Next remove the fuel tax on diesel, and charge a similar ‘road use’ tax for all diesel vehicles in the same fashion as the pure EVs. Adjusting for the vehicle weight, use type(commercial/personal) and annual mileage.

    Then add the plug-in hybrids at a tiered rate based on battery capacity. The more battery, the higher the tax, and the less fuel purchased. This would also help plug-in users focus on using more EV power. Adjusting for the vehicle weight, use type(commercial/personal) and annual mileage.

    Hybrids would stay with gasoline vehicles, since they both still purchase gasoline, and their mpg is dependent on how the consumer drives. Since a hybrid can get worse or better mpg than a traditional gasoline vehicle. Convert this group to fuel tax together. Adjusting for the vehicle weight, use type(commercial/personal) and annual mileage.

    This puts everyone on a level playing field, paying their road tax, based on their vehicle type/weight/use and number of miles driven.

    Maybe we should look at how the UK does their road taxes…

  5. kdawg says:

    Toll roads.. money comes from the people who drive on the road. No worries about crossing state lines. All cars treated the same.

    1. Taser54 says:

      Ultimately, it will come down to an annual mileage tax coupled with an annual safety or emissions inspection (already implemented in many states). Apportionment for out of state driving will be the burden of the car owner. This will apply to all vehicles regardless of locomotive power. Weight class will also be a factor, just as it is when a vehicle is registered with the DMV.

    2. Open-Mind says:

      I see a couple problems with universal toll roads..

      1) Only a small subset of roads have the needed toll plazas, and building toll plazas for the rest of the roads would cost billions, plus even more for maintenance and salaries.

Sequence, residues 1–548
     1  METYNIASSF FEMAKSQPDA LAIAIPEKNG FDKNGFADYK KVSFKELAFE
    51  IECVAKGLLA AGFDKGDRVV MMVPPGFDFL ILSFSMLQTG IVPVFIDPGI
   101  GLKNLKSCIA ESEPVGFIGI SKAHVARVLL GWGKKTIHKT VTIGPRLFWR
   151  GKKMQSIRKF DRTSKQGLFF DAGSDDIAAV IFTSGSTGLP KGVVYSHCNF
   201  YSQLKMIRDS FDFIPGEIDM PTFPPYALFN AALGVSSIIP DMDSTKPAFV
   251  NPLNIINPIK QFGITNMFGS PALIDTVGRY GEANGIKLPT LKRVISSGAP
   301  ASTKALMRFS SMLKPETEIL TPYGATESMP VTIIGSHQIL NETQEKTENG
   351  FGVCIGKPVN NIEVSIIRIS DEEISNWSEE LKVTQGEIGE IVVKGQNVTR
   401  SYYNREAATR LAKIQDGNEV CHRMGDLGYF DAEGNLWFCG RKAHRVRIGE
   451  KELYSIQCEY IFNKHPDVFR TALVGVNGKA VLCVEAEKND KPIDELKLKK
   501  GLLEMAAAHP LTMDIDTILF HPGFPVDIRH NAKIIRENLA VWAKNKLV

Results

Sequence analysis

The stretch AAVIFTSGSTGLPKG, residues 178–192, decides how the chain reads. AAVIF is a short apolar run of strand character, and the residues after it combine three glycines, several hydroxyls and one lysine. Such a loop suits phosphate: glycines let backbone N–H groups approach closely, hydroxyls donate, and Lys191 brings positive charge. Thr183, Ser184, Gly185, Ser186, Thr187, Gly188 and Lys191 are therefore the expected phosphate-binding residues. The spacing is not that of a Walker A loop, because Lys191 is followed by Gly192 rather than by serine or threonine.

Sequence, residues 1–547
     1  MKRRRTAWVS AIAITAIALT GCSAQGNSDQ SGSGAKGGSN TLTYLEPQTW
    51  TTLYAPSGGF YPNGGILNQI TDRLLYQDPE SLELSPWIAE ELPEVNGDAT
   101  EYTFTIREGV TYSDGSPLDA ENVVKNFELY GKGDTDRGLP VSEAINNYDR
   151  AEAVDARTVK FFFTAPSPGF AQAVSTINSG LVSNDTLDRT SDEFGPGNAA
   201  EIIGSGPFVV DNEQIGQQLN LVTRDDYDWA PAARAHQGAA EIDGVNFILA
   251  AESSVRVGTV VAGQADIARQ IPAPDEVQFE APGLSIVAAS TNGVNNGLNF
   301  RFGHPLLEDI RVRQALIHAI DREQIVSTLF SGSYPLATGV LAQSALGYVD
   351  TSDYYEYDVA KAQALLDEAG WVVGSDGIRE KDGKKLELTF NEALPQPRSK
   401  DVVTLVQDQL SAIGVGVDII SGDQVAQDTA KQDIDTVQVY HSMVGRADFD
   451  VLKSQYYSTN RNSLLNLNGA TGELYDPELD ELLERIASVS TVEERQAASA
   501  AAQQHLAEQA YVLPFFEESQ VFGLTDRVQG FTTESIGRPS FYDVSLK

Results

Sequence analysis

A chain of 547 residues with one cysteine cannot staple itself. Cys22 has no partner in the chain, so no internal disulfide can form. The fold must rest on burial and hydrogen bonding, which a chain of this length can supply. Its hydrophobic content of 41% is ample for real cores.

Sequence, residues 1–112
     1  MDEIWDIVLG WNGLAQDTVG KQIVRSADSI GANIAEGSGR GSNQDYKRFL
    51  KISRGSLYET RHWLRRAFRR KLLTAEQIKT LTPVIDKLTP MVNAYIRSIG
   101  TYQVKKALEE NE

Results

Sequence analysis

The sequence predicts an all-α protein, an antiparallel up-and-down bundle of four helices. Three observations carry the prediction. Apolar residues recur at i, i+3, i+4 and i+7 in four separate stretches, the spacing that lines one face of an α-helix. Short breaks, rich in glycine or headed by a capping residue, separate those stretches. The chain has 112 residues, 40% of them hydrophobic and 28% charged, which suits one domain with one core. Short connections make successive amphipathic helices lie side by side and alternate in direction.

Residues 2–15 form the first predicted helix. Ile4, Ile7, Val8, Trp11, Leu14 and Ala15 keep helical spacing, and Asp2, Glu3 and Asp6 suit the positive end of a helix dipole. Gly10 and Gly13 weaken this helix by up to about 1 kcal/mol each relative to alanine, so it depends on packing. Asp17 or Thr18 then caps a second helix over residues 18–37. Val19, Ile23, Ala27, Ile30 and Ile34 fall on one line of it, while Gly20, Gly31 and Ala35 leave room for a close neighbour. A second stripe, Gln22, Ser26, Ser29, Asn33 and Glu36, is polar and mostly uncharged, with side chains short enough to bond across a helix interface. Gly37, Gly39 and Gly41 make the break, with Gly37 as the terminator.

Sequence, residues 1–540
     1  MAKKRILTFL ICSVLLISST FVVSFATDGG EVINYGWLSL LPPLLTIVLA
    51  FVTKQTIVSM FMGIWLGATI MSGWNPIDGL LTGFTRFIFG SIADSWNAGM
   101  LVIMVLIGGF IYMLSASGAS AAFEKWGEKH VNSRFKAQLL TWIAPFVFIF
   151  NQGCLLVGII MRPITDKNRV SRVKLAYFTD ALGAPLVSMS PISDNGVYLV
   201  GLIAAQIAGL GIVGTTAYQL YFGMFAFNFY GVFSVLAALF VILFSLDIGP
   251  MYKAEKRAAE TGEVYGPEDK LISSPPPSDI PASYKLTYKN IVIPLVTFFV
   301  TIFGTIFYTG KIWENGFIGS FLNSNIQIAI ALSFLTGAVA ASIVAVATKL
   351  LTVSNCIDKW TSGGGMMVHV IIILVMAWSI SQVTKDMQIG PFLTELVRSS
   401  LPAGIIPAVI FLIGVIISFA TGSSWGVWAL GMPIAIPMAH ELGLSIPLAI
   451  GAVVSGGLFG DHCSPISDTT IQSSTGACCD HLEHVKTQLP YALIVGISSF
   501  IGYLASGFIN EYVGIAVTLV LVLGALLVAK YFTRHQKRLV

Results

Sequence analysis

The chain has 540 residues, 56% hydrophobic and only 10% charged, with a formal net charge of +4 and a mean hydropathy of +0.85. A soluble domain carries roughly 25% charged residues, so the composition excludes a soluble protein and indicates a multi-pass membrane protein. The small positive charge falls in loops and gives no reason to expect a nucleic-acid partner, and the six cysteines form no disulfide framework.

2) Stopping to pay tolls every few miles would be a huge P.I.T.A.

      It would be simpler and cheaper to just add a mileage fee to license-fee that we already pay.

  6. zilm says:

    Guys, in most countries of europe exists ecological gasoline tax of about $3/gallon, which car owners are paying for what others people are forced to breath. Same time USA spends $500b/year on subsidizing fossil energy. So the only question that should exists: how to increase fuel taxation and lower subsidies on it.

  7. Steven says:

    I mostly agree with Teaser54. A formula taking into account miles driven, weight, and vehicle type would be most fair to all residents in a given state. If you want to drive on a toll road, that’s your choice.

  8. Jay Cole says:

    Personally, I feel at some point EVs need to be taxed on their equal portion that internal combustion cars currently pay via pump tax to maintain the infrastructure they use.

    That being said, I think it is ludicrous to implement it now when the volume of plug-in vehicles on the road are meaningless to fiscal well-being of that system, and while the federal government and many state and local governments have initiated huge monetary incentives to increase adoption of EVs at the same time as these fees.

    IMO, special plug-in vehicle taxes today are very counterproductive to national goals, and send out a mixed message about EVs to Americans right now.

  9. qwerty says:

    Why don’t these states stop subsidizing gas, then ask the Feds to stop subsidizing gas and use the saved funds for road improvements, maintenance and new roads?

    WIn – Win if you ask me

    Should EV’s be taxed? Hell yes! But at an equivalent rate as ICE vehicles.
    Don’t come up with miles traveled tax. That’s jus plain dumb. If I drive 25 miles in my state, cross to another, and drive 125 miles in the other state, who gets my tax dollars? I traveled most of the miles in the other state and used more of their roads!